We can tell that the young hip people are hip and young and youthful because they take “selfies” and use #hashtags and go LOL a lot, and talk about cats and bacon, which are things the young people are into on their tumblrs. Oh look! A recap page in the style of a blog post! That is a thing the kids use! How youthful!

  7. “This is the first time I’ve ever seen lately applied to a period of six or seven years.”


    “The villain of the book, Mother, who is an evil person who can magically control old people, and is out to get young people, and thus uses old people to attack young people.”

    Oh. Okay. Huh. Weaponized Cocoon sounds like it could be a thing, I guess. Sounds kinda Pinocchio-ish– the bit with the donkeys. Or something like that– I don’t really know my Hans Christian Andersen.

    I can see how the math on that would work for people.

    Are people rooting for them to beat up a woman in her 40’s though? That seems pretty weird. (Is there a cut-off for old? 30? 40? I’ve met 18 year olds who are older than I am now, and 50 year olds who are younger than I am now; maybe that book works better when you don’t live in Los Angeles…?) Do they give her a reason for attacking young people? Did a young person shit on her face or murder her parents or something?

    “they take ‘selfies'”


    (Do they do the thing where they take photos of their legs at the beach or on a couch or whatever? I don’t know what that’s called but I like that. I ship it. Did I use that word right? No? Okay.).

    I don’t know– I read an issue of X-Men where the teenage time-travel X-Men tried to get laid at a street carnival by giving girls, like, Iceman ice cream or something…? So, hashtags and bacon sound a little more hip than that, at least…

    “A recap page in the style of a blog post!”

    The one I saw was supposed to be a tumblr dashboard but it went the wrong direction, and that person needed to follow some better blogs. It was really busy making puns– it made me tired. But I picked up the last issue in an arc, so I got what I got.

    Let me if I can solve this math equation now so I can post this comment…

  8. “Venom is in many ways the Reverse Flash for Spider-Man, and many would say he is Spider-Man’s ultimate villain”

    Venom– that’s right. I don’t know about “ultimate” villain (especially because Marvel’s tried to turn him into an anti-hero a few times now, right?), but I guess there are people who like that character in the world. There’s another one, too, right? Orange-flavored Venom? Yeah, I guess that was a pretty bad example. Damn.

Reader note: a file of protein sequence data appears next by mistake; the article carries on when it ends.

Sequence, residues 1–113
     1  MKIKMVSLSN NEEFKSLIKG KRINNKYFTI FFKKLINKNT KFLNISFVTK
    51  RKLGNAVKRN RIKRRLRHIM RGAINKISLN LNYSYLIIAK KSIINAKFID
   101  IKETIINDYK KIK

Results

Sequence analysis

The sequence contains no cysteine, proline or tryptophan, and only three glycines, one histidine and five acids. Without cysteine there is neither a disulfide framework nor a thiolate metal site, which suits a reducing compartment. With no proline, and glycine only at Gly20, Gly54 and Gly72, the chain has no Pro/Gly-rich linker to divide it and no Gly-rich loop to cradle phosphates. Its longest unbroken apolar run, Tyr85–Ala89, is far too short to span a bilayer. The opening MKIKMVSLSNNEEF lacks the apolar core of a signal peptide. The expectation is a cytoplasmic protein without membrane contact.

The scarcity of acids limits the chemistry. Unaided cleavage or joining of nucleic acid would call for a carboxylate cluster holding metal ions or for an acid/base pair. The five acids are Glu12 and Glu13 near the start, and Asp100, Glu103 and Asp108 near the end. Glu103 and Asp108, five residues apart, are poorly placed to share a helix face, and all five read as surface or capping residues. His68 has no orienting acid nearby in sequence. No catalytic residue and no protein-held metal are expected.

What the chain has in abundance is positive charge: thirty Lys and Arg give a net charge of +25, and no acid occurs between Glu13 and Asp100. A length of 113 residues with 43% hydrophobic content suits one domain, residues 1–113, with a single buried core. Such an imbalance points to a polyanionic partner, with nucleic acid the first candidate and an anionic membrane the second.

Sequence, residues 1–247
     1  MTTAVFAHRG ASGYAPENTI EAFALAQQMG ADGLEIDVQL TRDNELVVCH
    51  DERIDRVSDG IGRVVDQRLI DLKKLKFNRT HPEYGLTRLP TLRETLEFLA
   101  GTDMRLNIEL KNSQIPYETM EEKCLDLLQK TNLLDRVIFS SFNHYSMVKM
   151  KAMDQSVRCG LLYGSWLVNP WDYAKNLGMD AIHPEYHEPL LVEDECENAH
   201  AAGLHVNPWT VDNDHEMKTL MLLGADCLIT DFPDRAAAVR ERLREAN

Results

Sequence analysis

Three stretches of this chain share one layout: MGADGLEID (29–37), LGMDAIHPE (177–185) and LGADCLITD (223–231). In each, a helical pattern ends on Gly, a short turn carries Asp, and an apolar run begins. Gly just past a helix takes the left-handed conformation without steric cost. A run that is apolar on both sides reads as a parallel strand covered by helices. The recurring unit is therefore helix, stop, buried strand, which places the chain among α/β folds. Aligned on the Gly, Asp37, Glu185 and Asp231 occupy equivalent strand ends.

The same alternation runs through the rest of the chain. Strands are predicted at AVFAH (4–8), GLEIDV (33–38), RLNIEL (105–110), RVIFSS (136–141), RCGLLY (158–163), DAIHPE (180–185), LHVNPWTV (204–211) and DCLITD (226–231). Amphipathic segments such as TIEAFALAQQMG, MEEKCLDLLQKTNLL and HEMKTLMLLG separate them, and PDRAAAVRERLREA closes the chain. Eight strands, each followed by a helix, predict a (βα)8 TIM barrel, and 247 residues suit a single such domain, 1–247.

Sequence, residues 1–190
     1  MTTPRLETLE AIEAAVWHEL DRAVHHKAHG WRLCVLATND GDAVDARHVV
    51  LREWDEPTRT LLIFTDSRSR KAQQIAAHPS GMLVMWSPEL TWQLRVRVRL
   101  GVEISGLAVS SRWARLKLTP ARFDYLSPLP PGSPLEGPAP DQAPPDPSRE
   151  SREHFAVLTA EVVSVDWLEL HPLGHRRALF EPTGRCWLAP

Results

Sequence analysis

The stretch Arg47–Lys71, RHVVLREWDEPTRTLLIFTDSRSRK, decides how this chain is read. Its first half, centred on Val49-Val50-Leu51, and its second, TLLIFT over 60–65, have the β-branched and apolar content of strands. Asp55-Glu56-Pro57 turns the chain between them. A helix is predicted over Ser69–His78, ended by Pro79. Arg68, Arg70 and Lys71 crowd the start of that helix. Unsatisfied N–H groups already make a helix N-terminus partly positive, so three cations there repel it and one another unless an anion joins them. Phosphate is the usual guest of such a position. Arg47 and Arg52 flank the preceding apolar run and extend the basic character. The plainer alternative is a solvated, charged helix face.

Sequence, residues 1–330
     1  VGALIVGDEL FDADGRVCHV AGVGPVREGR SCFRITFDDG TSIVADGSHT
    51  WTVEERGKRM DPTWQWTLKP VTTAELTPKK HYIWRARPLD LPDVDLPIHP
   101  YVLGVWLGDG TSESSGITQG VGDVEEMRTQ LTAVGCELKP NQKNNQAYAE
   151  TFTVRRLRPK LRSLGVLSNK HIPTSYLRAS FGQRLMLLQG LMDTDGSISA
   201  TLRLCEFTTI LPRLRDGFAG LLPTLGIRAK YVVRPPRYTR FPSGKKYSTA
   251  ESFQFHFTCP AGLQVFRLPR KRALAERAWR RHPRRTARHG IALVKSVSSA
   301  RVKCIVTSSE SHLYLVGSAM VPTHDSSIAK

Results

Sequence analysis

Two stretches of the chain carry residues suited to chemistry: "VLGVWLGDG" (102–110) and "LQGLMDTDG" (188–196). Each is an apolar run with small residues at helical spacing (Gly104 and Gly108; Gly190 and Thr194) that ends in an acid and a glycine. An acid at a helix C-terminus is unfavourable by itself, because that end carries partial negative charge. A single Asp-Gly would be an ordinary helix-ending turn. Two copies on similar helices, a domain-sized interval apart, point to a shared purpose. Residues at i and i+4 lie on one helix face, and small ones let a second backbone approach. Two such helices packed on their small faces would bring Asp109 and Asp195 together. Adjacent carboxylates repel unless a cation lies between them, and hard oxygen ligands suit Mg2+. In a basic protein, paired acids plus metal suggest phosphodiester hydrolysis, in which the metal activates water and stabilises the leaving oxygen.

Wasn’t the story that the movie people forced Raimi to use him, though? I feel like that’s a character that’s always had an anti- contingent with the fans. I think that’s what Reverse Flash needs. Like a Change-dot-org petition.

  9. Glad to see you back, Abhay. Loved this gag – ”PT Anderson is saving that for the sequel,” you say. Untrue– that’s just a vicious rumor.”

  10. Ok… I don’t know. So.


    The apathetic* hostility toward Young Avengers is… weird. In particular the deliberately(?) (I can’t speak for anybody or their motives, but…) misleading description of this “Mother” villain. They’re not going to beat up a middle aged lady, guys. Relax. I have zero interest in elaborating (sorry!), but come on.

    But I mean, hey, you bought a comic at the end of an arc or whatever. I suppose there’s that old thing where issues of comics should make sense to everybody no matter what the number on the front says, and you were super-confused so it’s well within your rights to kvetch. But I guess to that I’d say, Welcome to the past 20 years of comics maybe? 30 years?

    Anyway, I’m not even defending the comic itself. (I happen to like it a great deal, but nobody cares what I think.) There was just something off about the tone. Are we supposed to be mad because it appears to cater to a specific audience? Does it matter that that audience is tiny and wouldn’t even bump the needle in terms of sales? Are we mad because the boykisses feel contrived? Not contrived enough?

    I mean, I don’t know. I guess?